2. Auto-detection via .envrc

    Sourcegraph will also automatically detect a GOPATH from an .envrc file in the root of the repository. You may already have one of these if you are using direnv. For example a file such as:

    export GOPATH=${PWD}/third_party
    GOPATH_add code:code2
    GOPATH_add /absolute

    Would lead to Sourcegraph using a final GOPATH of third_party:code:code2. Note that we will ignore any /absolute path, and that we do not execute .envrc files but rather scan them for simple syntax such as the above. If you use a more complex .envrc file to build your GOPATH, this auto-detection may not work for you.

  3. Manual configuration via .sourcegraph/config.json

    If you add a .sourcegraph/config.json file in the root directory of your repository, Sourcegraph will use this configuration to determine the GOPATH instead of the auto-detection methods described above. An example configuration is:

      "go": {
        "GOPATH": ["/third_party", "code"]

    Sourcegraph will use a final GOPATH of third_party:code. That is, it will assume the third_party and code directories in the root of the repository are to be used as $GOPATH directories.

Vanity import paths

When the Go language server encounters a vanity import path, it must be able to locate the source code for it or else code intelligence will not work for code related to that dependency.

For example, consider a repository github.com/example/server which contains Go code with an import "example.io/pkg/logger" statement.

  1. If the source code for example.io/pkg/logger is located under a vendor directory, Sourcegraph will use that in the same manner that the go tool would.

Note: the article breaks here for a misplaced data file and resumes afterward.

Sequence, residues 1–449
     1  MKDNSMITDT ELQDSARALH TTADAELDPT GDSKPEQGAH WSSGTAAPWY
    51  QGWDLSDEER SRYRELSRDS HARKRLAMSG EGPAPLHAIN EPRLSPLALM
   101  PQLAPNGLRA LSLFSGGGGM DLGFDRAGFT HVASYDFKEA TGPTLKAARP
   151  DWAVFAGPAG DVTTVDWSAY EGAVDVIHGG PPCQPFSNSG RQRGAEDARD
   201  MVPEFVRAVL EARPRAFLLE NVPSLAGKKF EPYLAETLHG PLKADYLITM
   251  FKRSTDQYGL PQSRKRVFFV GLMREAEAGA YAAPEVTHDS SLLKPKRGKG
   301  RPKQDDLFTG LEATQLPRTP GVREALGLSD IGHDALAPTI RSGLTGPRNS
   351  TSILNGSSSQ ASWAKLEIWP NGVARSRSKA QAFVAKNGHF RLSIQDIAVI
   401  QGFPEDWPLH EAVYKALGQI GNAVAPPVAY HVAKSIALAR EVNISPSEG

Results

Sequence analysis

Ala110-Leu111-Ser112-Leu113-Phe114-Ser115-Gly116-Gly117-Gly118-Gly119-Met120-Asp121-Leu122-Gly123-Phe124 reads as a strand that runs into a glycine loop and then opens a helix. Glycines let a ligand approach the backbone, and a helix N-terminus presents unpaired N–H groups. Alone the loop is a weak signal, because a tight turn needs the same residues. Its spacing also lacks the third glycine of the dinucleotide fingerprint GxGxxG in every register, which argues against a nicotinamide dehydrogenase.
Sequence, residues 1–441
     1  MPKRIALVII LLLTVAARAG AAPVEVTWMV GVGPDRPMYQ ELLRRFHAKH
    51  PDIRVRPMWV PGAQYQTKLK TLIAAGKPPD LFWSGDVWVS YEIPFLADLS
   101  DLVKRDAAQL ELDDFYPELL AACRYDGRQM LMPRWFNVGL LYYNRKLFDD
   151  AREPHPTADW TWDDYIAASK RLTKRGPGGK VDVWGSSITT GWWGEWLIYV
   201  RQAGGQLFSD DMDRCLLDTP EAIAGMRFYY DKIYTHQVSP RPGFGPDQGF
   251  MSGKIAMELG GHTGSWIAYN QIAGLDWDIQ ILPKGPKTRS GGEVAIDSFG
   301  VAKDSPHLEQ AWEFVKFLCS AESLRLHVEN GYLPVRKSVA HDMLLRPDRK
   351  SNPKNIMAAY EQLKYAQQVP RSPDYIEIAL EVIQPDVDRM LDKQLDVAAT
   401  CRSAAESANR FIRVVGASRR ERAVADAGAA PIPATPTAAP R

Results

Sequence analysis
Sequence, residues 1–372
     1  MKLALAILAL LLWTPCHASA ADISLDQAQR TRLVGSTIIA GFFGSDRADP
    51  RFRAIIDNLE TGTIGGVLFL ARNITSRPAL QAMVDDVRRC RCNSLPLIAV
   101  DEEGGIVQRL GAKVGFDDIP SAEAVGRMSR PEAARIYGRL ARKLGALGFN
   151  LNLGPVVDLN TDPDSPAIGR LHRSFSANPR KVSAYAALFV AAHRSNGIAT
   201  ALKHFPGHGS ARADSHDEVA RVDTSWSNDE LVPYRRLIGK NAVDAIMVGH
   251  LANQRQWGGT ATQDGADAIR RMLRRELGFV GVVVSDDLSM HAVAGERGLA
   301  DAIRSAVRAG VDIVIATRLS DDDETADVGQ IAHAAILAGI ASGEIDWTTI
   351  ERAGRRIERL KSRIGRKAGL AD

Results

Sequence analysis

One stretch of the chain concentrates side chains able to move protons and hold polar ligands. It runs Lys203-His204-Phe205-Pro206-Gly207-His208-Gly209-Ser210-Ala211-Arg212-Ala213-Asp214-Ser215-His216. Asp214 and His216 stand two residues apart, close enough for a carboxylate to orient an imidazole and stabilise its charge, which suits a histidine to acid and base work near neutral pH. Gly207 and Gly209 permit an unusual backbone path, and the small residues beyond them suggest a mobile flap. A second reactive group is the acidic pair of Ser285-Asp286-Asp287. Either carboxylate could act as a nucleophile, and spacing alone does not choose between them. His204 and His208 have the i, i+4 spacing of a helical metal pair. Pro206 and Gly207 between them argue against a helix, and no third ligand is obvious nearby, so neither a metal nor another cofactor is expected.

2. If the source code for example.io/pkg/logger is inside of the current repository at e.g. github.com/example/pkg/logger, Sourcegraph will look for it by scanning the repository for a canonical import path comment using some heuristics.

    • For example, if Sourcegraph finds a canonical import path comment such as package logger // import "example.io/pkg/logger" in the pkg/logger directory of the repository, Sourcegraph will assume that the code in the pkg/logger directory is what should be used when a import "example.io/pkg/logger" statement is seen.
    • Note that Sourcegraph only needs to find one such comment for the example.io domain in order to resolve all other vanity imports. That is, placing this comment in pkg/logger/logger.go is enough for Sourcegraph to know how to import any package under example.io/....
    • Sometimes the Go language server's heuristics are not able to locate a canonical import path comment in a repository, in which case you can specify the root import path of your repository directly by placing a .sourcegraph/config.json file in the root of your repository, e.g.:
      "go": {
        "RootImportPath": "example.io/pkg"

    Which would tell the Go language server to clone github.com/example/pkg into $GOPATH/src/example.io/pkg.

  3. Otherwise, Sourcegraph will attempt to fetch example.io/pkg/logger via the network using go get example.io/pkg/logger.


If you run into performance issues while using the language server, it can be very helpful to attach a CPU or memory profile with the issue report. To capture one, first install Go, start go-langserver with the pprof flag (e.g. $GOPATH/bin/go-langserver -pprof :6060) and then:

Capture a heap (memory) profile:

go tool pprof -svg $GOPATH/bin/go-langserver http://localhost:6060/debug/pprof/heap > heap.svg

Capture a CPU profile:

go tool pprof -svg $GOPATH/bin/go-langserver http://localhost:6060/debug/pprof/profile > cpu.svg

Since these capture the active resource usage, it's best to run these commands while the issue is occurring (i.e. while memory or CPU is high).